clergy jobs - truth revealed

On the blog scene this week, The Vernacular Curate produces a gem on the subject of the jobs pages in the Church Times. I've long been a connaisseur of the genre, and I thoroughly enjoyed the way he nails the subliminal messages, both intentional and unintentional. Do have a read. My only complaint is that he missed out two of my personal favourites:

"a person of stamina" : Don't expect to have a life outside the church. We've already finished off two vicars in the last five years.

"with a sense of humour" : You'll need it.

My heart goes out to all curates seeking their first permanent post, a process made more stressful by the fact that most Dioceses leave you to sink or swim at this stage, in contrast to the enormous care that goes into placing curates at the start of their titles. Further to David's analysis, Always Hope offers this guide to the commonly spotted types in the jobs pages of the CT:

The over-professional.
Identification: Significant use of colour. Snappy mission statement. Heavy use of leadership jargon to intimidate candidates.
Verdict: Good for the right person if you like a challenge and can take some hits. Otherwise avoid, to spare you some distress.

The up-beat.
Identification: Spattered with words like "excited", "keen", "willing", etc. Likely to have just come out of a long and sleepy incumbency.
Verdict: Very promising. Expect an extended honeymoon period (but remember it doesn't last for ever).

The despondent.
Identification: Advert of minimal detail with no effort to make it sound attractive. Because they don't really care any more.
Verdict: Anyone with a desire to change things need not apply. Avoid unless you have unbounded stores of inner optimism.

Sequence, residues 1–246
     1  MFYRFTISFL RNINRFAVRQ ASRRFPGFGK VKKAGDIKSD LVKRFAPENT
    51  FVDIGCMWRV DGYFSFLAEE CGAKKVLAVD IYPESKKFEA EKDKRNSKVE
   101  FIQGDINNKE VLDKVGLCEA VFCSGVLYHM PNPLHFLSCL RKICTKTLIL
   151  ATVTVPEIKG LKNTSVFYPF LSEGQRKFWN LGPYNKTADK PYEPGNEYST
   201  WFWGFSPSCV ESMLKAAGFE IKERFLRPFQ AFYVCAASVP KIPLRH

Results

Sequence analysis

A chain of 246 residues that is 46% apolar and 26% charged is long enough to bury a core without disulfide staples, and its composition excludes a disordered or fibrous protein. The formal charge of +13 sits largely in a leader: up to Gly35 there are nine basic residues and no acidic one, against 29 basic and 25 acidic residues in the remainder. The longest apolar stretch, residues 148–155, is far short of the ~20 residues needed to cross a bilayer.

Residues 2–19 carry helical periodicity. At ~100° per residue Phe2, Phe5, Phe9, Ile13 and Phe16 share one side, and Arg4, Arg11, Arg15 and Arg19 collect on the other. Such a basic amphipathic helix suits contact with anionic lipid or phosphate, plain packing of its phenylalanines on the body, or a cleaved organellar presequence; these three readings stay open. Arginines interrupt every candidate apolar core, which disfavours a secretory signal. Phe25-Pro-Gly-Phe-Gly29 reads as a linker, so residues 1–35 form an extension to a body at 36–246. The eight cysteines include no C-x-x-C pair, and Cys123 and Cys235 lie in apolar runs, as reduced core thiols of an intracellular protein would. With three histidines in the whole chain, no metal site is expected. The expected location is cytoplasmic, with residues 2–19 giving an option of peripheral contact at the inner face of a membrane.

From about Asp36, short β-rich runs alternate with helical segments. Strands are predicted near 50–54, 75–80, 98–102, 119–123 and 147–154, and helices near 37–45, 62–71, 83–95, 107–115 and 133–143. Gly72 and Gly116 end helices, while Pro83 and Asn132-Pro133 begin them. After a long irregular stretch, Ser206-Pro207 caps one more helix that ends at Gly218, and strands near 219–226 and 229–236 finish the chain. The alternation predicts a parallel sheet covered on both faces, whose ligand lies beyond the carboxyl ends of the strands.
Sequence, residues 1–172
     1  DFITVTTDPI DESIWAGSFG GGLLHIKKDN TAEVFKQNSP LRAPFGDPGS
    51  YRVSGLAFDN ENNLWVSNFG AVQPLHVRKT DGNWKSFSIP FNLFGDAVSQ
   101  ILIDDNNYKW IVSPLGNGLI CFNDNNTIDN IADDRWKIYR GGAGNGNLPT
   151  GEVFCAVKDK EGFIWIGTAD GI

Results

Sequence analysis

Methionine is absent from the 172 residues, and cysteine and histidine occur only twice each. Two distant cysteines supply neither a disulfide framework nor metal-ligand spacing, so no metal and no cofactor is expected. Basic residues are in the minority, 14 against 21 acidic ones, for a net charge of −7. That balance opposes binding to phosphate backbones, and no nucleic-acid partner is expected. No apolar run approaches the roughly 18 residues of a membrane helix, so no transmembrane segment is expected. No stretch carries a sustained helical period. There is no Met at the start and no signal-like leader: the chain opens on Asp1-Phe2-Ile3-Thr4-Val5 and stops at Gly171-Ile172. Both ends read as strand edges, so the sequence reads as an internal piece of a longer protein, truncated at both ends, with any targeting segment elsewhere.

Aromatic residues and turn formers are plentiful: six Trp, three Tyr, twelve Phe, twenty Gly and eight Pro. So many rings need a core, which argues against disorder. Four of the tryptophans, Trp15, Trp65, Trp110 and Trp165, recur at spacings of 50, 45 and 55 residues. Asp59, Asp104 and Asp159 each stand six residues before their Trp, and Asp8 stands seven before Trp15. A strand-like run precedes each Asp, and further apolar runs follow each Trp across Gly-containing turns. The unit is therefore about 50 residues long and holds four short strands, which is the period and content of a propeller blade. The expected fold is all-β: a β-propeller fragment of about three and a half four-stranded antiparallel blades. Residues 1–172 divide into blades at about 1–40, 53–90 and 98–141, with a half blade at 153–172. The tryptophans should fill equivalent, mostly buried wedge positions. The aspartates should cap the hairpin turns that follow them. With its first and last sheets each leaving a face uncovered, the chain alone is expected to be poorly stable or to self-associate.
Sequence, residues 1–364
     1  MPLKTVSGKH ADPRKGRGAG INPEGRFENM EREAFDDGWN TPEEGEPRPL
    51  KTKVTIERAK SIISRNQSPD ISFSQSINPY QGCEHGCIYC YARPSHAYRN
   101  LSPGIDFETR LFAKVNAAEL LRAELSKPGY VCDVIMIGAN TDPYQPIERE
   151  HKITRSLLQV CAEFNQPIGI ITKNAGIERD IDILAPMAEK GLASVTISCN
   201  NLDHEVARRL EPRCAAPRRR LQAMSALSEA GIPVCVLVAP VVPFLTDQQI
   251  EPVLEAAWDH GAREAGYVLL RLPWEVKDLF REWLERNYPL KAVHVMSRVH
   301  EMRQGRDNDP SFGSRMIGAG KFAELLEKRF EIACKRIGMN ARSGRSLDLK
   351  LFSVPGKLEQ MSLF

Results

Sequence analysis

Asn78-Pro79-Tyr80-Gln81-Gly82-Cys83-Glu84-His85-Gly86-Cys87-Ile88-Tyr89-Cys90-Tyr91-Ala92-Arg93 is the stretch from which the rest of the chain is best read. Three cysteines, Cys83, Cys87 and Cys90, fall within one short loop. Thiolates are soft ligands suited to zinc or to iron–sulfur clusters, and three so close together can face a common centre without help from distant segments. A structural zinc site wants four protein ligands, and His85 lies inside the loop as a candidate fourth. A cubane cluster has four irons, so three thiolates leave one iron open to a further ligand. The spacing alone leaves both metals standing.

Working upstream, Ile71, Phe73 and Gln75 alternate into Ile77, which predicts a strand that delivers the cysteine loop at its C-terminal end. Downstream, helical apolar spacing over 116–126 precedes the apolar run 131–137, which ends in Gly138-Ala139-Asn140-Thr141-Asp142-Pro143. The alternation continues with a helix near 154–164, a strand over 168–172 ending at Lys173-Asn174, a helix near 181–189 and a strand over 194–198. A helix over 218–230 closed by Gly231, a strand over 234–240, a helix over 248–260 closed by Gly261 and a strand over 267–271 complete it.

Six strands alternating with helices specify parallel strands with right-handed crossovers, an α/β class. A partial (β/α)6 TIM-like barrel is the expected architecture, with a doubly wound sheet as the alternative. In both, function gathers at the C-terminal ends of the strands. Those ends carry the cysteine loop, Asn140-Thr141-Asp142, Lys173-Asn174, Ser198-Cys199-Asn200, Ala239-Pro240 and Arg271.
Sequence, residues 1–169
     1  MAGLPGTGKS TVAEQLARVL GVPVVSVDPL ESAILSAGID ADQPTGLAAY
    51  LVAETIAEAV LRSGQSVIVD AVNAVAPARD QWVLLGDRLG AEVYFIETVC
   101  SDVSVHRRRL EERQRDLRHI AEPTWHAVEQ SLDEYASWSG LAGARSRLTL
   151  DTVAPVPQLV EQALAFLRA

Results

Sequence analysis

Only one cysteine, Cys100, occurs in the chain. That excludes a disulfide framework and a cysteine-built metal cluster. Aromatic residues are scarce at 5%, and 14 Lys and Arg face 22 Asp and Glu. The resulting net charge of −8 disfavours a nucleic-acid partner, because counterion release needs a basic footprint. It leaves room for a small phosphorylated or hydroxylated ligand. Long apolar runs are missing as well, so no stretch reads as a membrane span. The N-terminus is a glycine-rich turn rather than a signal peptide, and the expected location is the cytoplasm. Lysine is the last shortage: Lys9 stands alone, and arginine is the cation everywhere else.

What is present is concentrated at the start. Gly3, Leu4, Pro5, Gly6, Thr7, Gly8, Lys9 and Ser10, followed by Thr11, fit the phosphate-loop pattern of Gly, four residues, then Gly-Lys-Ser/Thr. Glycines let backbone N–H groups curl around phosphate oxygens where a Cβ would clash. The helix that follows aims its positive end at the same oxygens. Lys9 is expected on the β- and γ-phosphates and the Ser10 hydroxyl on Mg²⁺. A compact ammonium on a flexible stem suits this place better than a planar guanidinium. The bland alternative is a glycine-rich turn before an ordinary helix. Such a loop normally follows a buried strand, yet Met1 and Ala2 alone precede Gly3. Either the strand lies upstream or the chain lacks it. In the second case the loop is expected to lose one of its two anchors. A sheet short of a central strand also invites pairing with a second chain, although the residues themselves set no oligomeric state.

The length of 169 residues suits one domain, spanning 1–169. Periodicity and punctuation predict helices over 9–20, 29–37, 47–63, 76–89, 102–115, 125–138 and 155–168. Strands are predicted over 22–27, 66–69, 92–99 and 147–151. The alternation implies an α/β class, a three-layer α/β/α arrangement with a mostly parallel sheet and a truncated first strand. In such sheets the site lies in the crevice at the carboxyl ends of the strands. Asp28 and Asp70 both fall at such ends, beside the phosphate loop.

The unrealistic.
Identification: multiple conflicting demands, eg. "a person of contemplative spirituality who will provide dynamic leadership, be committed to regular pastoral visiting, engage with local communities, and be a profound preacher and teacher".
Verdict: Exhilarating at first but you'll be moving on, exhausted, after five years. Don't say I didn't warn you.

The specific.
Identification: Use of code words to identify the "right kind" of parish to those in the know. Examples include inclusive, orthodox, conservative, liberal, biblical.
Verdict: If that's your cup of tea then go for it. But don't expect paradise. They're only human.

The downright odd.
Identification: Eccentric design. Meaningless phrases. Amusing slogans with vaguely worrying implications. Anything intended to catch the attention that ends up looking weird.
Verdict: your guess is as good as mine.

The pearl of great price.
Identification: Rare, but look out for anything which says that they will cherish, care for, value or love their new minister.
Verdict: You don't need me to spell it out, do you?


Unknown said…
A cracking post; thank you! As expected, this has proved to be a splended romp through the genre - though I sense a gap and one that I too am unable to fill ...

...those ads that funk-up names of saints (Pip 'n Jim, Old Barnies, Mary Mags, Slap n Tickle etc ...
Anonymous said…
I am going to make sure that our ad for a new vicar (next Feb)is going to have the pearl of great price on it and nothing else! I will make sure that our folks mean it too!

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